Neal Rosenthal is the real deal, and so is Alice Feiring, whose My Battle for Wine and Love or How I Saved the World from Parkerization. Both echo themes about the authenicity and sense of place in truly great wines and rail against the tragic (for real wine lovers) imposition of industry homogeneousness and wine manipulation over the real thing. Both these books are deep--not frivolous, as some people would like to paint Alice Feiring's book--complex and filled with nuances that everyone who really cares about great wine should know and appreciate. Neither book is jammed with appreciation for overripe fruit, residual sugar, palate numbing alcohol levels and, Thank God, neither comes in a horrid new oak binding (barrels where supposed to be aging vessels, not gross flavoring agents that override grape varieties, terroir, etc.). My prediction is that these two books are going to have an enormous impact on young (and not so young) sommeliers, wine directors and wine buyers (especially non-retail types, who don't use Parker scores to flog wines), because they both espouse the greatness and distinctiveness of terroir-driven, authentic, artisan wines that have a sense of place. Since these are not mass market Parkerista wines, I think this philosophy will not have an immediate effect on the Parker consumer, but it will have on restaurant wine lists run by younger sommeliers, who believe it or not have been fed up with tasting Parkerista wines for quite some time. They will seek terroir-driven wines to lend distinction to their lists and push these wines as those which help set their wine lists and restaurants apart. Restaurant goers will discover these wines and begin to look for retail stores that carry them. It will not be long before the already choppy anti-Parkerista waters build into a very big wave, which, pardon me, copycat American wine journalists will soon see as a bandwagon to jump on, at least those who still have a palate left after tasting all the overripe, sweet, over-oaked, alcoholic junk that they have been barraged with over the past decade or so. And with greening and organic movements growing stronger in response to environmental changes, more and more conscientous wine drinkers will begin to question the manipulation of wines. Neil Rosenthal: ". . . proof that there is some seriously fine terroir to be found in California and elsewhere, terroir that merits being left to express itself rather than being dominated and destroyed by human manipulation in the form of superextraction or immersion in new oak barrels or any of dozens of other laboratory tricks that "correct" what nature gives us." Alice Feiring: ". . . At stake is the soul of wine. This is giant corporation vs. independent winemaker. This is international and homogenous vs. local and varied. This manipulated and technical wine vs. natural and artisanal. . .wine is being reduced to the common denominator. . .I visit producers who make wines that inspire love and

A Voice That Needs to be Heard

I must have read a different book than the one reviewed so unfavorably here, although the title and the author are the same. "Reflections of a Wine Merchant" was exactly what I had hoped it would be when I bought the book for my husband, the winemaker in the family. He found the book opinionated but dead-on right, and he felt that it was about time that someone wrote to decry the industrialization of wine and the homogenization of taste. When we have finally lost the ability to appreciate terroir or even the opportunity to experience it, we will be all the poorer for it, and we can only hope that through the efforts of people like Rosenthal that never happens. There are huge philosophical differences among vintners and wine merchants about what constitutes good wine; my husband and I have read quite a few books on the subject. My husband's methods are of the old school which lets the grape speak for itself and turn into whatever it will become, whereas the newer school, represented more by California, Chile, and Australia, wants a product that will be the same across batches and regardless of the provenance of the grapes, and so they use embellishments to enhance the wine in order to be able to sell it young and standardize the product. What one prefers is a personal choice but it's important to recognize that there is a difference. Rosenthal's descriptions of his interactions with vintners, positive and negative, were fascinating and offered insights into both the sociology and the techniques of the ancient craft of winemaking. I found his writing to be adept, descriptive, and on point. My granddaughter is about to enter the sixth grade, and were she to express herself a third as well as Neal Rosenthal does here, her teachers would be amazed and ecstatic. Please don't let the previous reviewers discourage you from buying and reading this book, especially if you have an interest in understanding the possibilities and potential of wine.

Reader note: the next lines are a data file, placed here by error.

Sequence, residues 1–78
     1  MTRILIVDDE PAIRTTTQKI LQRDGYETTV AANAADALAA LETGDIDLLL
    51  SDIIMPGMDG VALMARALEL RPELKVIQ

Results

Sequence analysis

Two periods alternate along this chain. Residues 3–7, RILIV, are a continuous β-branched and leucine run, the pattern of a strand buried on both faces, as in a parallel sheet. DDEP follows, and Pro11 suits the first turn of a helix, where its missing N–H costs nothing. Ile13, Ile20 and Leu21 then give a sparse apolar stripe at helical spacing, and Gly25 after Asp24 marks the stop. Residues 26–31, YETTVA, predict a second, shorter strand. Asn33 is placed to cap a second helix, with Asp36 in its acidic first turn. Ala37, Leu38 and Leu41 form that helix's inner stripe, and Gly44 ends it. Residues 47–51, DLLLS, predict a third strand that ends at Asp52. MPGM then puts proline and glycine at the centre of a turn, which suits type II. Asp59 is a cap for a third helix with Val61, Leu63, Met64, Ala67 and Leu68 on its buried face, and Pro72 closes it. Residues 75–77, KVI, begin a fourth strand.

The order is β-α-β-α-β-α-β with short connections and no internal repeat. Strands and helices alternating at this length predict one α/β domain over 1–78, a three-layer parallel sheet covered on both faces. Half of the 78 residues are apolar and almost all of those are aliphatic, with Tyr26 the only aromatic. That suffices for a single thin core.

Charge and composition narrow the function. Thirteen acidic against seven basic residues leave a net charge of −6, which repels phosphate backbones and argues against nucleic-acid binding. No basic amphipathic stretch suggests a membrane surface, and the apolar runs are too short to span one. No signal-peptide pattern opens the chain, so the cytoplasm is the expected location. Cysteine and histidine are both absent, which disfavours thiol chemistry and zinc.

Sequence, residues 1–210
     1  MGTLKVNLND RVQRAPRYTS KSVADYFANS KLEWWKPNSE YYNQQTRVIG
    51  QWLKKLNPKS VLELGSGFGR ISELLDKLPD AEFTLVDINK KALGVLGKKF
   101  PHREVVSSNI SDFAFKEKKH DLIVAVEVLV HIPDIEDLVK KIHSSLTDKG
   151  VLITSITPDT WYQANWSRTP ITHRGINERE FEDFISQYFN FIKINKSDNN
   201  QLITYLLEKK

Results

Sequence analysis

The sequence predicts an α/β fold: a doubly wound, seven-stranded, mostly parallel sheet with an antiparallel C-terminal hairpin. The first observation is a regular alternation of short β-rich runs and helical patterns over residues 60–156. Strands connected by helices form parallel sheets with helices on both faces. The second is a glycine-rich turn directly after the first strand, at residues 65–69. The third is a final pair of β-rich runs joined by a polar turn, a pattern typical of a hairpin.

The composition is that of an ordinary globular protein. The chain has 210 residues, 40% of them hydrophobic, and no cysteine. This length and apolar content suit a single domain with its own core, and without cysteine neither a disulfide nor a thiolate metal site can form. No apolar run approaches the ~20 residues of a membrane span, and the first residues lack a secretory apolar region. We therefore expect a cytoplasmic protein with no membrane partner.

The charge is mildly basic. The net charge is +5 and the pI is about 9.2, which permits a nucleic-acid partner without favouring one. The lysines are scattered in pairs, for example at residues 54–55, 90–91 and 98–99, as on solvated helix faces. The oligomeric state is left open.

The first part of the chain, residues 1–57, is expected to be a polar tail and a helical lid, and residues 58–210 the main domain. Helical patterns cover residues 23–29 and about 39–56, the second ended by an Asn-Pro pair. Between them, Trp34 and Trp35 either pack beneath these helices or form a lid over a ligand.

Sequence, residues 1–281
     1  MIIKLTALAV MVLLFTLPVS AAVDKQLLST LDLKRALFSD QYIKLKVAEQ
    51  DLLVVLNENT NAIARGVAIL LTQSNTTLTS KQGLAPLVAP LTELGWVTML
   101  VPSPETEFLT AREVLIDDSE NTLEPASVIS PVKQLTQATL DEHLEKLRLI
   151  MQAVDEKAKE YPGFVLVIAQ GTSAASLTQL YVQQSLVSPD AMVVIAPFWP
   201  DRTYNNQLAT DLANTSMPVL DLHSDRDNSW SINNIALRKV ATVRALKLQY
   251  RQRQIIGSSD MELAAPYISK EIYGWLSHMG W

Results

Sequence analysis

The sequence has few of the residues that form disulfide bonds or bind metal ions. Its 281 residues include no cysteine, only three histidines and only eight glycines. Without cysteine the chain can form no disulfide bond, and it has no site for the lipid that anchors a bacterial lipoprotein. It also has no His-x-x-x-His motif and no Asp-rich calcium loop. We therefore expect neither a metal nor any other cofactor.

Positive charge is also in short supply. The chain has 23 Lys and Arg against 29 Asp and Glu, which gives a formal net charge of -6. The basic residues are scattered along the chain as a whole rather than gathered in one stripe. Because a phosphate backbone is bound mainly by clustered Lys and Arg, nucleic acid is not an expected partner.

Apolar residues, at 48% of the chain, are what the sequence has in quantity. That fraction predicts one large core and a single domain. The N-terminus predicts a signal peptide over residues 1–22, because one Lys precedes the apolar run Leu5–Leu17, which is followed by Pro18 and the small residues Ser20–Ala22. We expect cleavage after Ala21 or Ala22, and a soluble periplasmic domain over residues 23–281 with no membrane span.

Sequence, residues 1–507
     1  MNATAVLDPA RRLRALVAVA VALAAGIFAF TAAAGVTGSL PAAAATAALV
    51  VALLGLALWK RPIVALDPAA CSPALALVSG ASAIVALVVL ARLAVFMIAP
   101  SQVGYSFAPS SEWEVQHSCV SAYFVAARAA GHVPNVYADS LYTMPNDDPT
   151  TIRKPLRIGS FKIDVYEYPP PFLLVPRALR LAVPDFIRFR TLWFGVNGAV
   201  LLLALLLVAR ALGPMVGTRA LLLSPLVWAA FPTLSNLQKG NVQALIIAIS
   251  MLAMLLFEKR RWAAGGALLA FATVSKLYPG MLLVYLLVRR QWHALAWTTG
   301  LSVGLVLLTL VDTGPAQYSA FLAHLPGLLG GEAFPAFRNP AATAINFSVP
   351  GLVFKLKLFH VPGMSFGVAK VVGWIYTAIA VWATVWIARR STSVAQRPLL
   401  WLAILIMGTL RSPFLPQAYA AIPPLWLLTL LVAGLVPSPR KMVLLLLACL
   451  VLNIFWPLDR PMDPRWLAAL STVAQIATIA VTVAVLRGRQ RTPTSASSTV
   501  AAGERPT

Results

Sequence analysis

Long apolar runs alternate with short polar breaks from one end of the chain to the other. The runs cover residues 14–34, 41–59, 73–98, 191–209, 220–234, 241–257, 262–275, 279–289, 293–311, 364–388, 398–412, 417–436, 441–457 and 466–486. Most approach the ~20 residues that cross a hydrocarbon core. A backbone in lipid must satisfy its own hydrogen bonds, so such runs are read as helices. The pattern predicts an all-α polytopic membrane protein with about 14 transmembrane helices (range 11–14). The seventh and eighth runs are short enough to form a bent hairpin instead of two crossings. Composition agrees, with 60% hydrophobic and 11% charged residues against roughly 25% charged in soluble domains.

Contrasting View

I don't get the vitriol of the first three reviewers. Concerning their complaints that this book is full of Neal's opinions and rants: yes, it is. If they were looking for nothing but raw facts perhaps they should have selected a book that wasn't autobiographical. As for the quality of the writing: while Neal does tend to be a little over-the-top with his comparisons, his use of the English language is quite good albeit old-fashioned. Personally, I really enjoyed this book. It's a quick, fun read as long as you take it for what it is: a collection of recollections and musings on wine and personal history by Neal. I found him to be relatively even-handed in his treatment of most subjects and it was refreshing to hear from someone in the world of wine who doesn't worship at the temple of numerical scores.